Aptamers have proven to be particularly effective as affinity agents for imaging, both in vitro and in vivo. Aptamers are non-immunogenic and retain selectivity and affinity after labelling. At only 3nm, DNA and RNA aptamers have been shown to find a greater number of targets and achieve higher labeling densities than traditional antibody affinity agents (3,11). This enhanced degree of labeling can be applied to increase fluorescence signal strength and uniformity in the study of both cell surface markers and intracellular targets. While there are an increasing number of studies showing the advantages of aptamers in diagnostic imaging, the same techniques can be used to evaluate the biodistribution of aptamer-drug compounds and small molecule drug targets.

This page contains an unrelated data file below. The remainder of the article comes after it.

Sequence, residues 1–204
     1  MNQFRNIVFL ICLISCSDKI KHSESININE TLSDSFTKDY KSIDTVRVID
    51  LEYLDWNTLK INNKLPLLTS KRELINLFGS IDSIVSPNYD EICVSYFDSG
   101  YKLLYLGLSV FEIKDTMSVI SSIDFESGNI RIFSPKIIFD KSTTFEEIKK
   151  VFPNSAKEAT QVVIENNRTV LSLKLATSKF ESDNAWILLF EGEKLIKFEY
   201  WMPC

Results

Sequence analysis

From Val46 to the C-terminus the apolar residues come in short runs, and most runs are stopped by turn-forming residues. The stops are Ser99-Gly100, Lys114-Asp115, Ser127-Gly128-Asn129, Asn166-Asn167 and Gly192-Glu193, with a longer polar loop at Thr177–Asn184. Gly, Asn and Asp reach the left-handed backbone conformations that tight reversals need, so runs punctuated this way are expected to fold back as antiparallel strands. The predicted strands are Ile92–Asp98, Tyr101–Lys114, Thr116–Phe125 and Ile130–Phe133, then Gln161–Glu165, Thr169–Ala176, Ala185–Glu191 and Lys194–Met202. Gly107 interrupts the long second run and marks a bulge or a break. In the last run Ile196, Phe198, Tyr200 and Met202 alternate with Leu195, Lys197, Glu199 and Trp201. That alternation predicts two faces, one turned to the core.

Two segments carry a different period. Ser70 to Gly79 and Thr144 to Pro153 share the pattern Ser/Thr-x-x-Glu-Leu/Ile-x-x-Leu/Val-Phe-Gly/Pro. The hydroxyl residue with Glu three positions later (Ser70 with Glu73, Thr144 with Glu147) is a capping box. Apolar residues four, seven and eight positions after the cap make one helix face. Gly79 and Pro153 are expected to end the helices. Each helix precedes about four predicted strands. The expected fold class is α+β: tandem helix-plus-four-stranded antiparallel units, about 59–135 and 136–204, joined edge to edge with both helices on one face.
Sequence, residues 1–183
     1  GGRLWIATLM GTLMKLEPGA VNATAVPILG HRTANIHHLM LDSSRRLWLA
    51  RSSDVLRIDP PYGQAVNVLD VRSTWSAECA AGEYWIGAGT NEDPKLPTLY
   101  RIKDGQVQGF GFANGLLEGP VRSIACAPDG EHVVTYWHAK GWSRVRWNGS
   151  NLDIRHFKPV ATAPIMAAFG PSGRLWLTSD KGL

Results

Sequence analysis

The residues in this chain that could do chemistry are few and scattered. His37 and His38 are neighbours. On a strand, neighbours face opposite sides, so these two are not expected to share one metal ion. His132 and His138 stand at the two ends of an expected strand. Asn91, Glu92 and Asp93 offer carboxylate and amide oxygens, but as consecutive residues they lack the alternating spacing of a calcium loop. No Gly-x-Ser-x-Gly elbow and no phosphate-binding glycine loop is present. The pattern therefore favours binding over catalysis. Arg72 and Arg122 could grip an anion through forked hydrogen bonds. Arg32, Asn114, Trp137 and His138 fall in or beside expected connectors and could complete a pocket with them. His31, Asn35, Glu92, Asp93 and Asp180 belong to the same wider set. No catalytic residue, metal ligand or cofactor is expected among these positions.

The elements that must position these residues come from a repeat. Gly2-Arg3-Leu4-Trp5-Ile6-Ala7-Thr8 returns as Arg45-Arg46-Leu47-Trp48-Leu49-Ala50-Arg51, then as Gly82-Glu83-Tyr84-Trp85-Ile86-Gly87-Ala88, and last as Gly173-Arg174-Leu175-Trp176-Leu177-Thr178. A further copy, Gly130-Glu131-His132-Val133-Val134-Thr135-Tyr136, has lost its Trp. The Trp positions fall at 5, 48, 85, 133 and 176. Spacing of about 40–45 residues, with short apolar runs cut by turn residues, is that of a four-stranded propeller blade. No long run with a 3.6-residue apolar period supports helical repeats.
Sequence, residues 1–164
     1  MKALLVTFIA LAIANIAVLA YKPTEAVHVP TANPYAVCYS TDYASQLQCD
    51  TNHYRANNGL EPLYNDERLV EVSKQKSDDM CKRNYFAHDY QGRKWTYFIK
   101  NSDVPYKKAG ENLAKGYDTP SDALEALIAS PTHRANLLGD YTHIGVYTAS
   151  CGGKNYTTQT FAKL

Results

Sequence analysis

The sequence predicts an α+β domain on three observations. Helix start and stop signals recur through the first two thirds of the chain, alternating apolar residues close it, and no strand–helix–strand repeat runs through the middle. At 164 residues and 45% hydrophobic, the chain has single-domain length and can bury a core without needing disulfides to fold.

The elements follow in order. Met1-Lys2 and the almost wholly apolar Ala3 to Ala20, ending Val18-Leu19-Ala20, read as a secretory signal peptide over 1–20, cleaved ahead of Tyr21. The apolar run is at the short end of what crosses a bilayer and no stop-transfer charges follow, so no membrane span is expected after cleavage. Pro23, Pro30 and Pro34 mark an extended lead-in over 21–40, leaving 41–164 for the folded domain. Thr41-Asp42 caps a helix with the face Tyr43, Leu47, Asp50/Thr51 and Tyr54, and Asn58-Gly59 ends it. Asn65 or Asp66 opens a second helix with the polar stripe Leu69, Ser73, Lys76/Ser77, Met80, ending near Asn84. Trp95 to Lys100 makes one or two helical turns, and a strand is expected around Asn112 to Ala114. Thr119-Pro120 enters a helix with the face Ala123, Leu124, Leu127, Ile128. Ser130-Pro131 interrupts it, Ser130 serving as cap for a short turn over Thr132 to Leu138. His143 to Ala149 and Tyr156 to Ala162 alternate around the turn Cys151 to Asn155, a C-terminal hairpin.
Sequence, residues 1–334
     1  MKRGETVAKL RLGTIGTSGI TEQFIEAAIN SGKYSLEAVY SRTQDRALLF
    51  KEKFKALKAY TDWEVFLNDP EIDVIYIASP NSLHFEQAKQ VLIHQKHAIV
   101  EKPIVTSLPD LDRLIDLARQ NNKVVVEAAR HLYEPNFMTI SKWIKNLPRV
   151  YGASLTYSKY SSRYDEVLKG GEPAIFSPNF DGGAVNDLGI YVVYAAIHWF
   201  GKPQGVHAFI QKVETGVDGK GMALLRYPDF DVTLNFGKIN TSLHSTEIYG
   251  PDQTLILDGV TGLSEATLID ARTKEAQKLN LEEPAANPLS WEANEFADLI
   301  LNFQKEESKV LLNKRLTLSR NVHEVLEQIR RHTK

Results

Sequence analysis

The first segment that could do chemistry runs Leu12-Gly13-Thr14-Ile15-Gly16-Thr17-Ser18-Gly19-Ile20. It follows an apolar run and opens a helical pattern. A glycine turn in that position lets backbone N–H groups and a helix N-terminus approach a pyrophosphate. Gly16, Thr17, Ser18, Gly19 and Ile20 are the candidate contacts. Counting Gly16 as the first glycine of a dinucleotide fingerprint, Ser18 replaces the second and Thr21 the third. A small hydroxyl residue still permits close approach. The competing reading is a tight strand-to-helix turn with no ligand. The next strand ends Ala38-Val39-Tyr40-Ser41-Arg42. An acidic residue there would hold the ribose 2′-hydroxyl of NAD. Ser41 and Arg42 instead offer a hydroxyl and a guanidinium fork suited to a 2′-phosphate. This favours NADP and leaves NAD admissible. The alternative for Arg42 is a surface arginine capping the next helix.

The research team in Germany used a fluorescence label and confocal microscopy, combined with flow cytometry, to demonstrate selective internalization of lipidized aptamer micelles into NCI-HI838 lung cancer cells. The researchers at Yale used a fluorescence label and confocal microscopy to verify selective accumulation of aptamer-drug conjugates in prostate cancer cells in vitro. Small animal imaging with a near-IR dye was used to visualize selective accumulation of aptamer-drug within prostate tumors in vivo. Selective aptamers have also been used to image HIF-1-positive cancer stem cells via MRI (12), a technique that could be applied to imaging of aptamer-drug conjugates or circulating small molecule targets to assess biodistribution.

Imaging of labeled aptamers selected for binding to small molecule drugs or drug metabolites could be used to study biodistribution and pharmacokinetics.

Aptamer-Based Biosensors for Pharmacokinetics and Dosing